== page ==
Allowed to drink fresh water after three to five days, the dehydrated rats’ appetites returned surprisingly quickly and with gusto.
Intrigued, Watts began to look at hunger and anorexia.
The hunger that drives people and animals to eat is the result of a complex series of communications between body and brain.
Inside the brain, messages are carried by neurotransmitters and neuropeptides, which travel from brain cell to brain cell to relay signals such as “blood sugar dropping,” for example, or to stimulate appetite.
Scientists have shown that neuropeptide Y (NPY) plays an important role in the brain by stimulating eating. Other molecules apparently involved in metabolic control and feeding behavior include the appetite stimulator ghrelin, and inhibitors leptin, PYY and cholecystokinin.
In earlier studies, Watts’ team showed that the brains of the anorexic rats look similar in many ways to a control group of calorie-restricted rats given the same amount of food to eat.
The calorie-restricted control group ensured that any effect scientists saw was a result of the loss of appetite and not due to effects of undernourishment. Both groups had elevated levels of NPY gene expression when compared to a control group of normal rats, which were given free access to food and fresh water.
In a key paper published in the Journal of Neuroscience in 1999, Watts and Sanchez-Watts searched for more differences between the groups and found that the anorexic rats had increased expression levels of the gene for corticotropin-releasing hormone (CRH), which, among other functions, suppresses appetite when injected directly into the brain.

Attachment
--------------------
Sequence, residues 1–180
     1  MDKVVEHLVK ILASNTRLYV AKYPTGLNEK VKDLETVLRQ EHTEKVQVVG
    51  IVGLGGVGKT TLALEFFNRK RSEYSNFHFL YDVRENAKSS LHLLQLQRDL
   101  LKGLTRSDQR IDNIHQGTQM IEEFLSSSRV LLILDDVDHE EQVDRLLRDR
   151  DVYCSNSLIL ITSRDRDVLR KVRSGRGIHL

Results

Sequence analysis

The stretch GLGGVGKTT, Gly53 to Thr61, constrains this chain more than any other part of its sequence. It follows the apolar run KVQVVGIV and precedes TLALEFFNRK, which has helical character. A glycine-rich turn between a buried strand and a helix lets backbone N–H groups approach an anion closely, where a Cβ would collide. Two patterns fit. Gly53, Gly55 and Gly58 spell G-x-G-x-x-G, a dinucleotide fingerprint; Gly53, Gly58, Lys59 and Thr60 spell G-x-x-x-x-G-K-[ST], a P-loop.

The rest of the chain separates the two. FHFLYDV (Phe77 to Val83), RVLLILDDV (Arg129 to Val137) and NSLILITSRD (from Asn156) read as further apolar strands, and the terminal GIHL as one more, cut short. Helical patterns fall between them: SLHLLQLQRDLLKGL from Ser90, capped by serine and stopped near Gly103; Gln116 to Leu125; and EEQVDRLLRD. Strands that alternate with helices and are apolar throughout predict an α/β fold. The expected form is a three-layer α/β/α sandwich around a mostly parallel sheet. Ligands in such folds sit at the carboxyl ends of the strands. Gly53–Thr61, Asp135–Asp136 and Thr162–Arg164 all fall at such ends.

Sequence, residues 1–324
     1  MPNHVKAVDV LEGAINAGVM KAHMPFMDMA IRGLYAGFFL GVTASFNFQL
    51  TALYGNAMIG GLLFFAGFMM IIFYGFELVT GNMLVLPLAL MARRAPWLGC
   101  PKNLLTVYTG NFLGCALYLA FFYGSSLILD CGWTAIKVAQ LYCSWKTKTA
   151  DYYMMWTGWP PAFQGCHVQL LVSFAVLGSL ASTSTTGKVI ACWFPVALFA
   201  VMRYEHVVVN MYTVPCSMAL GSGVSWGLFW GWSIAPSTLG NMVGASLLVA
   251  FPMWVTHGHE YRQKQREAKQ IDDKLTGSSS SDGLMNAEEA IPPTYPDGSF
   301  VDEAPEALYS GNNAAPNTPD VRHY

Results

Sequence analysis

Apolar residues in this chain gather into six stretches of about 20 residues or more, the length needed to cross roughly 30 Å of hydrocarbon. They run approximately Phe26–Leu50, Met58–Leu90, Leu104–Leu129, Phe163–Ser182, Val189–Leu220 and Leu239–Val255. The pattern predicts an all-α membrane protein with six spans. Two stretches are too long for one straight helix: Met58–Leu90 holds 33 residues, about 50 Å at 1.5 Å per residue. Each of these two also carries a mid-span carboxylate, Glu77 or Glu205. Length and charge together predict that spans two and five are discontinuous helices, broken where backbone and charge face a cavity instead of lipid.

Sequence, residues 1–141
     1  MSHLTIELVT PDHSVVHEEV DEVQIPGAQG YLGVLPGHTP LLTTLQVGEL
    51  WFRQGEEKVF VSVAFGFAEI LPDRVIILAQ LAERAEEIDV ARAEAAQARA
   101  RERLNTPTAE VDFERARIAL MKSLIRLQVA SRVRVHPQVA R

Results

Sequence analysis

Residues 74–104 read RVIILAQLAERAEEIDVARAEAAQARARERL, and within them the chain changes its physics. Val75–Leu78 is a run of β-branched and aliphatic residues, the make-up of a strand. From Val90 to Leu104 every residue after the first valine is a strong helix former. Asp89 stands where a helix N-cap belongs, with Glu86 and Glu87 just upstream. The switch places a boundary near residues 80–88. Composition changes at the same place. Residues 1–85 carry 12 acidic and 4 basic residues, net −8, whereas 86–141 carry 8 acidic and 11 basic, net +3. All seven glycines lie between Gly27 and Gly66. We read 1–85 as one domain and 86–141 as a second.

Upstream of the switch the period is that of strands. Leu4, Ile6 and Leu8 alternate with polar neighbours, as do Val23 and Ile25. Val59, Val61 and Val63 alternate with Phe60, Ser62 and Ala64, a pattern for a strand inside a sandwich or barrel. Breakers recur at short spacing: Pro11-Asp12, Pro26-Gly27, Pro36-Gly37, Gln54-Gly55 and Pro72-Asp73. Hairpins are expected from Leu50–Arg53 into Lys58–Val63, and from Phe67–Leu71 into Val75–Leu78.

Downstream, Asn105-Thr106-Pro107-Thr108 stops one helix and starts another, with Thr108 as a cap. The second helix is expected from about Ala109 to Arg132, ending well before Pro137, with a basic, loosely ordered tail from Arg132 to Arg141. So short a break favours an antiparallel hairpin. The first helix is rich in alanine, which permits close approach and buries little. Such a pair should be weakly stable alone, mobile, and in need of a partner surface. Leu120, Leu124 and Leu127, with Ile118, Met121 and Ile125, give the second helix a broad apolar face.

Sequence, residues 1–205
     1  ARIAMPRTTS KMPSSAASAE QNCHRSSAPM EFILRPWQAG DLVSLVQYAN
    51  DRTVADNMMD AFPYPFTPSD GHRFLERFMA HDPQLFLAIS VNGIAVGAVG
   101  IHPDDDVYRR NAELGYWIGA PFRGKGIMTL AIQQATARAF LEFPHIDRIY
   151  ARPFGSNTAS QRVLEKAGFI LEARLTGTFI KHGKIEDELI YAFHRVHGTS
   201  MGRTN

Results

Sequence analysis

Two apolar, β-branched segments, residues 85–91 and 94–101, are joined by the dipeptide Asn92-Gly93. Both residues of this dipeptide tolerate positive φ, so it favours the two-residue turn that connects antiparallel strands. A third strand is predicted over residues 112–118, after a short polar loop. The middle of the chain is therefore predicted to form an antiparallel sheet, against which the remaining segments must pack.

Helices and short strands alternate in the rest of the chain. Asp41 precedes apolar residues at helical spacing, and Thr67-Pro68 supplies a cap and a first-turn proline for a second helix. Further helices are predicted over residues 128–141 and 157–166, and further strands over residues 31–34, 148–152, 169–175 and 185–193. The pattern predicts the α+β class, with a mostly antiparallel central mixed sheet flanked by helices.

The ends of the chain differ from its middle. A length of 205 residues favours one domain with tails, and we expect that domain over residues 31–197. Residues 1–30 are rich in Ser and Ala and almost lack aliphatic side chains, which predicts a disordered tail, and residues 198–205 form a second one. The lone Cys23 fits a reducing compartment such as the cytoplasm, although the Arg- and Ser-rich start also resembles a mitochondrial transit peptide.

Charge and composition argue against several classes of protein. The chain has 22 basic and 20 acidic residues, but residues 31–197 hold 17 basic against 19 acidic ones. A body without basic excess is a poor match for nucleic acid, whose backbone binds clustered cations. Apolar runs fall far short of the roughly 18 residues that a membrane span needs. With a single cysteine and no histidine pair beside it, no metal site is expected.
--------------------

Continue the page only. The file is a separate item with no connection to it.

Recent studies by Watts and Salter offer more support to a hypothesis that the loss of appetite seen in anorexia occurs through an active blocking of the appetite-stimulating molecule NPY.
One experiment looked specifically at eating signals mediated by NPY, including overnight starvation and the rapid lowering of glucose availability in the brain. Dehydration blocked even these strong triggers of feeding behavior in the anorexic rats, in comparison to normal and calorie-restricted controls.
The decrease in glucose availability also has other effects that NPY plays no role in, including activating a neuroendocrine response that leads to an immediate rise in blood glucose levels and the release of glucocorticoid hormone by the adrenal glands.
From these findings and other evidence, Watts has fingered CRH as the leading suspect in blocking the anorexic rats’ drive to eat. His team is now testing this hypothesis, as well as trying to locate the individual neurons involved and diagramming the neural pathways.
“We all eat, but some of us overeat while others get anorexia,” said biologist Larry Swanson, director of the USC Neuroscience Graduate Program, who first mapped the neural circuits involved in ingestive behaviors. “If we know which brain circuits control hunger and how, we may be able to correct these problems.”